Attorney tapped to help form nonprofit to aid Warwick school reopening

  • The former Warwick Community School closed in 2020. STAFF FILE PHOTO/PAUL FRANZ

Staff Writer
Published: 11/25/2022 1:34:00 PM
Modified: 11/25/2022 1:31:40 PM

WARWICK — The Selectboard has agreed to a  contract with attorney T. Wilson Flanders as the town looks to establish a nonprofit educational organization to support its efforts to reopen and revitalize the former Warwick Community School, which closed in 2020.

The nonprofit that Flanders will help establish will benefit the town’s “Rural School Redesign” efforts. With Flanders’ counsel, the town hopes to have documentation prepared for filing as a tax-exempt 501(c)3 nonprofit by January.

Speaking during this week’s Selectboard meeting, Town Coordinator David Young described Flanders as “a good, level-headed attorney,” adding that “this kind of practice suits him.” Flanders’ scope of work will include meeting with Young; drafting the nonprofit’s articles of organization and bylaws; completing an IRS Form 1023 application for tax-exempt status and related documents; and teaching Warwick how to maintain the corporation and tax-exempt status in good standing.

The initial fee is $2,500, plus unanticipated hourly pay of $250 and fees relative to paying other entities during the filing process. Warwick plans to draw from a grant-funded $215,000 New Schools Venture Fund budget to pay for Flanders’ services.

According to Susan Hollins, senior consultant for the Rural School Redesign team, the idea of having a nonprofit corporation that addresses non-school initiatives was first discussed in 2019 as part of designing a school budget.

“I address entrepreneurial revenue when talking about small school sustainability to help everyone think about possible new sources of revenue — initiatives that are not strictly related to a public school’s operation,” she wrote in a message to Young.

Young said establishing a nonprofit would avoid the issue of a municipal government directly fundraising, which could be construed as soliciting bribery.

“What we’re trying to do is generate revenues, not ways to spend it,” he added. “This is not a revolving fund.”

“I think it will be really useful for raising money,” commented Warwick Founding Superintendent Carole Learned-Miller.

In her message, Hollins recapped a list of discussed ideas that the nonprofit could enable, including theme meals, developing the 25-acre campus as an environmental education and arts center, development programs for education professionals, “Art and Adventure Days” for families, an outdoor performance space, and conferences and other things that may not necessarily be specific to the school or district.

The Pioneer Valley Regional School District School Committee voted in January 2020 to close Warwick Community School as a cost-saving measure, a decision that state Education Commissioner Jeffrey Riley approved in May 2020. Since then, members of the Warwick Education Committee have held meetings to develop plans with the goal of reopening the school.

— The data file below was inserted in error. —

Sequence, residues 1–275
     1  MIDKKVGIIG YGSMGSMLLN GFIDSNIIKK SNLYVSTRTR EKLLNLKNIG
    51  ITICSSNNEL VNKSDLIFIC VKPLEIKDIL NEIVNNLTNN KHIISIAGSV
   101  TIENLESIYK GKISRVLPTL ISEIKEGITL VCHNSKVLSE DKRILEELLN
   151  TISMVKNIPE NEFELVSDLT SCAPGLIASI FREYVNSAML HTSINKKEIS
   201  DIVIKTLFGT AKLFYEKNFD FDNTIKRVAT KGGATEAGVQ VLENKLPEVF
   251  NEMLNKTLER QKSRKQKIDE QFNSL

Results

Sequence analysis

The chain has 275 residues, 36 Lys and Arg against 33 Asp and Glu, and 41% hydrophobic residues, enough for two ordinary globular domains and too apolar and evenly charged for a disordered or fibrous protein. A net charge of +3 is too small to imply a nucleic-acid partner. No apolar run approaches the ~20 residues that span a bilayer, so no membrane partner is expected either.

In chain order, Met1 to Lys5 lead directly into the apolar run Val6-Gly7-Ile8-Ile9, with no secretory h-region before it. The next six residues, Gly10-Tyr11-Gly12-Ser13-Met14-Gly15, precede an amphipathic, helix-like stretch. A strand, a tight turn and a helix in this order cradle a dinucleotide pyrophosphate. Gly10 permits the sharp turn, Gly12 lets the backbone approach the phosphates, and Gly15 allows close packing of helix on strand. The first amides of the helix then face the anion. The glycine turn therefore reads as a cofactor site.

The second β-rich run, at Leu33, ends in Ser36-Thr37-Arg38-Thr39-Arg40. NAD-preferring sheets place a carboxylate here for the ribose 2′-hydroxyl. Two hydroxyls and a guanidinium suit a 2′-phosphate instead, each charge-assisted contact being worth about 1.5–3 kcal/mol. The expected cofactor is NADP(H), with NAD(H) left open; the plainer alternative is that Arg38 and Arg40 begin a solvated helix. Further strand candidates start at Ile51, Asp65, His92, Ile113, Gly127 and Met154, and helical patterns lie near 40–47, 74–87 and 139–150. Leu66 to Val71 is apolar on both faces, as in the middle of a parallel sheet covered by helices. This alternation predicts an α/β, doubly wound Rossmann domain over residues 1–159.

Recently, Pioneer officials approved the three agreements necessary for the Warwick Community School to transition out of the Pioneer Valley Regional School District.

“(Roughly around) 2019, our town started realizing this regional district was no longer a good fit for Warwick for several reasons, including: other towns starting to decide what was best for Warwick children, regional administrators publicly taking action against a Warwick school committee member (and) disagreements about how our student tuition costs were being framed to support ending our town’s school program,” Hollins contextualized on the Rural School Redesign website.

According to the website, the next chapter of Warwick Community School would be place-based, meaning studies would be socially and environmentally relevant to Warwick.

“We believe small schools in rural towns bring the community together, create meaningful economic and civic opportunities, and give children a sense of confidence, allowing them to explore learning to the fullest extent,” the website reads. “Warwick’s location, natural resources, and passionate citizens make it a remarkable place for children to learn and grow together.”

Warwick officials plan for the elementary school to be very small, and the town does not plan to have teachers in front of classes teaching traditional lessons to a group of students all the same age. Instead, there will be individualized plans for each student to learn on their own.

“A small school has the luxury of balancing group projects and learning with highly individualized instruction,” the website reads. “Multi-grade classrooms mean that students can advance to more challenging work when they are ready and also have the support they need to build their skills, regardless of their chronological age.”

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